A Grateful Atheist

On occasion, I've been told--by believers--that atheists should not express gratitude for events or natural things, like beautiful scenery, a safe journey or even for being alive. Their idea is that it's hypocritical to feel gratitude for these things unless you agree that they come from god, or some kind of god-like guiding force. I personally do not think that a feeling of gratitude requires a "giver" to whom one is thankful.

I may not believe in a god or "Creator," yet when I look at the wonders of the world, I feel grateful in many different ways. Looking at the stars above, I am grateful for the knowledge and appreciation of what I am actually seeing. I am moved by the majesty of mountains and feel grateful for the ability to live in (or visit) a place with such beauty.

When I say that I am grateful for being alive, I do not mean that I am grateful that I was created by a supernatural god. I mean that I am thankful that I have survived this long and haven't yet been done in by any of the countless ways that people can die. I am grateful that I haven't been accidentally run down by a truck, shot in a store robbery or taken with a fatal disease. I am grateful that my parents' genetic code successfully (more or less) mingled to create a unique me.

That's not to say that there isn't a person (or more likely, people) somewhere who deserves my gratitude in most of these situations. On closer examination, my feelings of gratitude can almost always be traced back to people in my life who have helped me become the person I am today.

When I appreciate the stars in the sky, some of my gratitude goes toward my parents and teachers for instilling an understanding of those amazing points of light. A portion of thanks goes to PBS for airing documentaries on space, the stars and the universe, and to TED.com for sharing great lectures on astronomy. There's gratitude to my husband for showing me discoveries through his telescope, and to Neil deGrasse Tyson for making astrophysics so very interesting.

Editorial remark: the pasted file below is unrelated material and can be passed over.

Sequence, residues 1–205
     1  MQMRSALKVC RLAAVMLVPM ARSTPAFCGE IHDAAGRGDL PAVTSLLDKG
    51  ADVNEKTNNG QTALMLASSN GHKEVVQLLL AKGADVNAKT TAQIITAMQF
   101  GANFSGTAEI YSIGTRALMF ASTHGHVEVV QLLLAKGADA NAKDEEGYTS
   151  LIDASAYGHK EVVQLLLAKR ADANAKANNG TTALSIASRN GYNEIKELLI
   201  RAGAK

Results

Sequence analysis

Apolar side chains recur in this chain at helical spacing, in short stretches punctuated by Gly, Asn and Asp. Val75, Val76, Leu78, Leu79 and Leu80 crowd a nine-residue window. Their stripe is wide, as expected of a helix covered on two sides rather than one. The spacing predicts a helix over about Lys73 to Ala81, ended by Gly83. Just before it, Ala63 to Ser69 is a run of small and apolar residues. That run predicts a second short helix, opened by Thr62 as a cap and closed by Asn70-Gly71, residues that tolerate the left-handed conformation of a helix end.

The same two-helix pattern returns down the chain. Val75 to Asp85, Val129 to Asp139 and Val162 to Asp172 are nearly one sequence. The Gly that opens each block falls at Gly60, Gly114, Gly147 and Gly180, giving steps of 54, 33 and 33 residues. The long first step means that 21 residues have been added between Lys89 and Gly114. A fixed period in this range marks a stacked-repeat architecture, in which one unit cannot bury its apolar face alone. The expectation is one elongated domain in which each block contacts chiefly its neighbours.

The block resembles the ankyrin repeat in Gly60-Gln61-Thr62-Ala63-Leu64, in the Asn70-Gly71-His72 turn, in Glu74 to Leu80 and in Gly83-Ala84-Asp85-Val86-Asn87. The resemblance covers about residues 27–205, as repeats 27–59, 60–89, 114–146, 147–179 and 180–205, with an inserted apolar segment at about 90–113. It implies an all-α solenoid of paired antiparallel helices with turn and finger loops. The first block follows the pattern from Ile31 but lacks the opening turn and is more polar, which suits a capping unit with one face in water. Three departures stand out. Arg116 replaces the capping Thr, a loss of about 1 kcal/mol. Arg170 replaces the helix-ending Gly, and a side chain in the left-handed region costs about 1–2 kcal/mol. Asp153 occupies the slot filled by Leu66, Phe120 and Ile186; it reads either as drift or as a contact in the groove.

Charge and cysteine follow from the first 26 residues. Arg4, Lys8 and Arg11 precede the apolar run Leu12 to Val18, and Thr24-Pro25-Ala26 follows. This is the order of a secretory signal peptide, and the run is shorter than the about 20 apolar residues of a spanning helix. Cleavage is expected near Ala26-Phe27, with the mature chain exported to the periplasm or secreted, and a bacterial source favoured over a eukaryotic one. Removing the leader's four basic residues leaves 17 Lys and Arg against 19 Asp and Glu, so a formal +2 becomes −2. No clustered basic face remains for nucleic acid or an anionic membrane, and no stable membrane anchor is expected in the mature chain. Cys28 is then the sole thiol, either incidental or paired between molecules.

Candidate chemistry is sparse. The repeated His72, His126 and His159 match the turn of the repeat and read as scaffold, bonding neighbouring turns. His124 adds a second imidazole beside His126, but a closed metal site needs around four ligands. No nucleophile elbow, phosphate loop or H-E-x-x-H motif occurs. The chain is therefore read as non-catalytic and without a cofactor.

While I don't believe in fate or guardian angels, I do know that people can simply be in the wrong place at the wrong time. Given the infinite number of calamities in which I would have very little control, I feel grateful that I am still relatively safe and healthy. Particularly after any activity which has more risk, such as taking a trip or surviving an accident. The same is true for feeling grateful when the people I love are also safe.

When living with so much uncertainty, I'm grateful that my choices have been relatively successful. In the moment, it's hard to know what to do in any given situation. I've made my share of mistakes, but I've also managed to make choices that have kept me alive this long.

Genetics make us each susceptible to different diseases and conditions. I can be grateful for the good elements of my genetic make-up (a matter of science which is outside of my control) and I can be grateful that the choices I've made so far (healthy diet, regular exercise, no smoking) seem to be keeping me healthy.

From my point of view, it feels silly to limit a feeling of gratitude to situations where there is one specific person or entity in which to give thanks. Perhaps there are better words to describe this joy of being alive and the ability to appreciate the world, but I do not see why the word "gratitude" should not apply.

2 comments:

  1. I am a former atheist, i want you to know, you have a God given soul.
    I used to mock God, now
    i praise Him, i pray that God will draw you to Him.
    May God Bless You
    Rob

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  2. Very well spoken. I also believe that many things associated with religion or a creator can be experienced in a much broader scale by all humans. Grace, gratefulness, faith, etc.

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